While we all stand in solidarity with those recovering from Hurricane Sandy, important things are happening elsewhere. For example, the San Francisco AIDS Foundation (SFAF), the country's largest AIDS services organization, is having a special screening of the powerful documentary, How to Survive a Plague, on Worlds AIDS Day, December 1, 2012.
If live in the San Francisco area, or plan to be there on December 1, hurry and get your tickets here.
Neil Giuliano -- SFAF Chief Executive Officer; former mayor of Tempe, AZ; and author of the exceedingly popular memoir, The Campaign Within -- called the film "powerful and important." A.O Scott of the New York Times called it a "moving and meticulous documentary about AIDS activism in the late ‘80s and early ‘90s." I was blown away by its raw emotion, technical precision, and relevance to today's battle for the freedom to marry:
It's a film worth seeing not only for its stark reminder of the sense of anger, despair, and urgency at the time, but as an inspiring story of unity, community, and love. No matter your age, your HIV-status, gender, or political involvement, How to Survive will make you cry; but the film's final scenes may be most rewarding few minutes you spend in a theatre this year. It is, after all, a story about hope, not death, life, not sorrow. It is the story of surviving the AIDS crisis. And, even as we mourn those vibrant young people AIDS took from us, we are so grateful that so many did survive and are, to this day, a part of us.
James Loduca, Vice President for Public Affairs at SFAF, adds: "December 1 is a time to remember, reflect and reengage in the fight against HIV/AIDS. I can think of no better way to do all three than by seeing the critically acclaimed How to Survive a Plague. This World AIDS Day, we are proud to be hosting a screening of David France's powerful film at the historic Castro Theatre. Spread the word!"
The official flier is AFTER THE JUMP.
New York City Council candidate Corey Johnson has been an incomparable source of information in Sandy's aftermath. He was not only on location when the facade of a building broke off in Chelsea yesterday, but throughout the entire hurricane ordeal, he has kept everyone in New York City updated on damage, progress, and status of the recovery through his public Facebook page. I encourage you to "Like" his page and follow his updates. Also, follow him on Twitter at CoreyInNYC.
His latest update gives us the full range of what is going on in New York right now, available here:
NYC UPDATES --
Thank you to all of our first responders, police officers, firefighters, utility workers, volunteers and medical professionals who have been working non-stop the past 24 hours.
ConEd says power to be restored to all customers within 4 days. Very spotty cell service in Lower Manhattan or Dumbo. Texting seems to be working though.
Penn South / Mutual Redevelopment Houses in Chelsea has power because it runs off of generators and not ConEd.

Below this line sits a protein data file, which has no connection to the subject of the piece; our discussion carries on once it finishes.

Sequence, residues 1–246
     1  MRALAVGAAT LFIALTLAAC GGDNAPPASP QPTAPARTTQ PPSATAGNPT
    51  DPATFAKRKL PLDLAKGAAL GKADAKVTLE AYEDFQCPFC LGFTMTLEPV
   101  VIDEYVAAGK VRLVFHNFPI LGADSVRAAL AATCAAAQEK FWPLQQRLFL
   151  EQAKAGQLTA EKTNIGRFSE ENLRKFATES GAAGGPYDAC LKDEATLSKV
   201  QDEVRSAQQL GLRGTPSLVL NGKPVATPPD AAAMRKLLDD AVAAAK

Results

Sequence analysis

The rest of Chelsea below 29th Street, the West Village, Greenwich Village and Soho are still without power.
Hell's Kitchen did not lose power. There is a shelter in Hell's Kitchen at the High School of Graphic Arts if anyone needs supplies, food, water or a charge for their phone.
Expect most subways to be down for the rest of the week; Some City buses now running with no fares (free) and busses will become more available starting at 5 PM.
23 fires still burning; 4,000+ trees reported down; 6,000+ in emergency shelters; LGA completely under water.
Over 80 homes were completely destroyed in Breezy Point, Queens from a massive fire.
Coney Island is still dealing with major flooding.
Queens Midtown, Holland and Battery Tunnels remained closed.
East River Bridges are open. Rockaway Bridges remained closed.
To volunteer to help the city clean up please email firstname.lastname@example.org.
ed note: Corey Johnson is Towleroad's former political director and has been a longtime friend and contributor to the site -mg
President Obama pledges a stream-lined process by which the states that need the help to recover from Hurricane Sandy can get it.
The town of Little Ferry, NJ was particularly hard hit by the hurricane yesterday, especially because a levee broke, causing astounding flooding where no one expected it. State emergency responders are already rescuing thousands of people from Little Ferry, a town of 10,500 people.
The local ABC affiliate, ABC7, has been doing some fantastic on-location reporting of this rescue.
If you're stuck at home weathering the Hurricane Sandy disaster, this picture should make you feel better.
My friend and Towleroad reader, Anthony Gucciardo, took this gem from his apartment's balcony.
MTA Chairman Joseph Lhota emphasizes the historic nature of the damage caused by Hurricane Sandy.
As of last night, seven subway tunnels under the East River flooded. Metro-North Railroad lost power from 59th Street to Croton-Harmon on the Hudson Line and to New Haven on the New Haven Line. The Long Island Rail Road evacuated its West Side Yards and suffered flooding in one East River tunnel. The Hugh L. Carey Tunnel is flooded from end to end and the Queens Midtown Tunnel also took on water and was closed. Six bus garages were disabled by high water.
Curbed has some great photos of the devastation in and around New York City.
As of this writing, limited bus service is supposed to be resuming now. Chairman Lhota has no timetable for the resumption of subway service.